The little grey cells
The Hayward Gallery has featured in these posts many times recently and with good reason — with consistently solid shows and some great curation they’re giving the Tate Modern reason to be worried. On the bottom level is Annette Messager — The Messengers, a show that I caught a couple of years ago at the Pompidou and has finally made it to this side of the channel. It’s a wonderful wander through Messager’s imagination.
From her stuffed toys and inflatable body parts, to her delicately arranged sparrows with their knitted bonnets, there is much to enjoy and intrigue here. My favourite piece from the show, Casino, was a very relaxing diversion — the gently undulating red fabric was mesmerising and I sat in the darkness and happily experienced the show a few times.
After Messager you should head upstairs the excellent The Russian Linesman — this show has been curated by Mark Wallinger and it’s another feast for your eyes. There’s some pretty diverse content here, and you’ll have great fun playing around with the different forms and media. Wallinger’s giant TARDIS dominates the main room, but there are videos and books, and strange little pieces of rock, and even a series of stereoscopic images set into the wall. Video of the famous tighrope walk between the World Trade Center Towers sits opposite Albrecht Dürer’s illustrations, and around the corner a series of Ronald Searle ink drawings from the Death Railway.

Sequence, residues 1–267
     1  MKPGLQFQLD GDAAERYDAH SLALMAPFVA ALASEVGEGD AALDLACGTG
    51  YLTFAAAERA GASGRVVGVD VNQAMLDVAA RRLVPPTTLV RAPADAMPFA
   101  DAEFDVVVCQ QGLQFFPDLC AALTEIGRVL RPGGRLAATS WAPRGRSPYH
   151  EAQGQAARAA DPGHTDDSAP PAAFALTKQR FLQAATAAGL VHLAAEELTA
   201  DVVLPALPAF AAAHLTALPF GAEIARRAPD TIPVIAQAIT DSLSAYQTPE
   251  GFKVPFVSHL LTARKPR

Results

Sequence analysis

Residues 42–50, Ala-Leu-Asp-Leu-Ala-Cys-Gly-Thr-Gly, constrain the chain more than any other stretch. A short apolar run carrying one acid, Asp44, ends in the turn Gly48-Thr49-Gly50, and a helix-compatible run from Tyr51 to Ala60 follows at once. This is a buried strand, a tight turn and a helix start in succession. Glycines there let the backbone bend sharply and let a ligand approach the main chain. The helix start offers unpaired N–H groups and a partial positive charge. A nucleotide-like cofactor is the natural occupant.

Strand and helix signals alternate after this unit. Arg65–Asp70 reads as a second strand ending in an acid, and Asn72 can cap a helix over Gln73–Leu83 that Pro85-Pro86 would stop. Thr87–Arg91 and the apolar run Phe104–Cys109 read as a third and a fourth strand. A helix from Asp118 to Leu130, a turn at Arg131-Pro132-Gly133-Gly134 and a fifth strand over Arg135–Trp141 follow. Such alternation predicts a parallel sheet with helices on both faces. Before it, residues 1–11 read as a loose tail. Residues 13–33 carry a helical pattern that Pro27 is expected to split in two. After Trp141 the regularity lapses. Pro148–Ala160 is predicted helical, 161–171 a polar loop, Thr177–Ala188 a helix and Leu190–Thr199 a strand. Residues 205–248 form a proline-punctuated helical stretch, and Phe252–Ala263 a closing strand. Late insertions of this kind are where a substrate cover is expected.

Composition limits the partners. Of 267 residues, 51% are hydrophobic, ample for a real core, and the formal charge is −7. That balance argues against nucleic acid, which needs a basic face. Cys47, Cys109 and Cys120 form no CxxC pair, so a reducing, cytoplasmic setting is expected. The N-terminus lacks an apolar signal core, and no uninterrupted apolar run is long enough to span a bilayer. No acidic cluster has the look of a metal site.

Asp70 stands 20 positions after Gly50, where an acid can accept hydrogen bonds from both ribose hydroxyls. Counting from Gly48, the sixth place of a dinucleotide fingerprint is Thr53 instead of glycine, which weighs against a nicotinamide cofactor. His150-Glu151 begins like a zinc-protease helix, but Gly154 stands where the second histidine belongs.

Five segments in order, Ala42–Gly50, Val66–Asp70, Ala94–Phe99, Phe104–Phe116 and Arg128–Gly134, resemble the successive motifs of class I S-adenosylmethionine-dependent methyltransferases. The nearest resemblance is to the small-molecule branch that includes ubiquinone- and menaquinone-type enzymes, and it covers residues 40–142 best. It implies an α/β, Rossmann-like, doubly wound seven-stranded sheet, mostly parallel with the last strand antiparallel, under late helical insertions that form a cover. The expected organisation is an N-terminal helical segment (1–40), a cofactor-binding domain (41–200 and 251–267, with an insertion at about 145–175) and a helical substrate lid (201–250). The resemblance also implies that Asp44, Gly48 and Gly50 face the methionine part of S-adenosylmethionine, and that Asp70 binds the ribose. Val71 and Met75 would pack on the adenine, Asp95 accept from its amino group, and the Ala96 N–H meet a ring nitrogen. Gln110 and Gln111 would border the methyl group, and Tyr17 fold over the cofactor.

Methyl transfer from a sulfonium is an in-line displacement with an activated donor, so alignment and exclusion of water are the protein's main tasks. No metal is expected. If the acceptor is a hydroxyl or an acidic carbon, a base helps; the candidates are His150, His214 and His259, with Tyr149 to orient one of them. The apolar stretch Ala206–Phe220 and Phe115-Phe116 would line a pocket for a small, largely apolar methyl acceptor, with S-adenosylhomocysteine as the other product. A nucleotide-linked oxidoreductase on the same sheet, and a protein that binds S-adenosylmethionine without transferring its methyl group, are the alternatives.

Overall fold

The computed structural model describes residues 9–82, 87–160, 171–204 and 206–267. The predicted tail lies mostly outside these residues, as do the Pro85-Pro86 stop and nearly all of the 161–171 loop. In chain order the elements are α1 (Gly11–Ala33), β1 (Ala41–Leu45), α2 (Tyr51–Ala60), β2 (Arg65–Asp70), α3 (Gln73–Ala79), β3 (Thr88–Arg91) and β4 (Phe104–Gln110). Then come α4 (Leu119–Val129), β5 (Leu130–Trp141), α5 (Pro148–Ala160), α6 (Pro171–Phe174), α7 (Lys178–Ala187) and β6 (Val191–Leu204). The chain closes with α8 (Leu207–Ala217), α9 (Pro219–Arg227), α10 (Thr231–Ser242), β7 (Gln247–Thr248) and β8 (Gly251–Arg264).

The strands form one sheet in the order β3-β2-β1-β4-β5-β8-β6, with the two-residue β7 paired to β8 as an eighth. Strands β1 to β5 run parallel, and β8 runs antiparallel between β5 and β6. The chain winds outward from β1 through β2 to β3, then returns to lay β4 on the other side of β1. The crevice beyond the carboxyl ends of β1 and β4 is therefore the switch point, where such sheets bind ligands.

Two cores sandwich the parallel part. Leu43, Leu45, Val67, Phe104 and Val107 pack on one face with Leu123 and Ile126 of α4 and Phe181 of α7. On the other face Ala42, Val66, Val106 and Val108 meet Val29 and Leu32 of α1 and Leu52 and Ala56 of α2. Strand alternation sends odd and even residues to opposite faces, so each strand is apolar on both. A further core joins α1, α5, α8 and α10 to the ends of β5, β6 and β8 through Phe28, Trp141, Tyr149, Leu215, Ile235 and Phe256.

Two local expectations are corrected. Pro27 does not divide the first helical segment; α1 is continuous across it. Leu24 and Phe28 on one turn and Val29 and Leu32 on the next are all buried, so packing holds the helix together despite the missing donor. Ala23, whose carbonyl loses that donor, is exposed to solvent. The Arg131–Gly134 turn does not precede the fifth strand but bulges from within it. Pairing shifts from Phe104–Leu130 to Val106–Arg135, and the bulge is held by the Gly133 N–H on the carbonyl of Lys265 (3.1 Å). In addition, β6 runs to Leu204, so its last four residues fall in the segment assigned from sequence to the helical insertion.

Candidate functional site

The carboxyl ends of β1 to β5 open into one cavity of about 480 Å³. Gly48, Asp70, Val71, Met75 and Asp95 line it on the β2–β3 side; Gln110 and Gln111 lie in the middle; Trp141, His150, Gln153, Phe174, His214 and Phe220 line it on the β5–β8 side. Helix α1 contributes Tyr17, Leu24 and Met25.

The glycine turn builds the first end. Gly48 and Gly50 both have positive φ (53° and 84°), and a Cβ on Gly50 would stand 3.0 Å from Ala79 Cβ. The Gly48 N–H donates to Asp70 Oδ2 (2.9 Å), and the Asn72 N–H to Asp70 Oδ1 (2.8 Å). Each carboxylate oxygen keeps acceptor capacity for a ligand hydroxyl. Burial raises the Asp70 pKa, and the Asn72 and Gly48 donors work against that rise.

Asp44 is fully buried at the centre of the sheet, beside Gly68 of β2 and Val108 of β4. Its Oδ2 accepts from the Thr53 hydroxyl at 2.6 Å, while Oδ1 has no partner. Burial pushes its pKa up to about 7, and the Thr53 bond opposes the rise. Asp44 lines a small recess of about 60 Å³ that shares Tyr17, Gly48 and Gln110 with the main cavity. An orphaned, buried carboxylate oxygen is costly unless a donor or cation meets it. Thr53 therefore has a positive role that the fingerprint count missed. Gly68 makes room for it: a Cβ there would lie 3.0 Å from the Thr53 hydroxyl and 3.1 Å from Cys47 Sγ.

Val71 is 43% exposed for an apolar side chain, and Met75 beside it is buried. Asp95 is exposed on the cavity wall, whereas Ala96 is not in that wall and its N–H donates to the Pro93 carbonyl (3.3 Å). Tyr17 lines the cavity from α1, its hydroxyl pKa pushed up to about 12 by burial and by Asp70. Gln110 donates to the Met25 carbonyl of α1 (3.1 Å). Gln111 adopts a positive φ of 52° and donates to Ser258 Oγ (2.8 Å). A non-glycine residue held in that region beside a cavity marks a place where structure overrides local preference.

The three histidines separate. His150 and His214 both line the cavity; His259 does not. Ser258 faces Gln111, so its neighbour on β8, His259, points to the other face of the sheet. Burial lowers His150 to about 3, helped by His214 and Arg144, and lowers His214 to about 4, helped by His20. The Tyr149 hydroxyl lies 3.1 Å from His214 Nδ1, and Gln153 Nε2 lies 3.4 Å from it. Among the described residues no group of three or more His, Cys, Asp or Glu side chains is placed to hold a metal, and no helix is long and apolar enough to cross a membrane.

Aernout Mik’s footage from the former Yugoslavia is disturbing in its banality. Using extensive filmed sequences which were never used by the news channels, he reduces the actions of conflict to everyday moments as common as shopping or taking the rubbish out. Houses burn as soldiers sleep in the shade, bullet-riddled bodies are retrieved from the river, and snipers smoke cigarettes in between the occasional shot at some distant enemy. Everything is just so calm, so normal, so dull, so everyday, you have to keep reminding yourself that you’re watching footage of a brutal conflict — it makes it all the more morbidly fascinating.
Two excellent shows to get those little grey cells working again.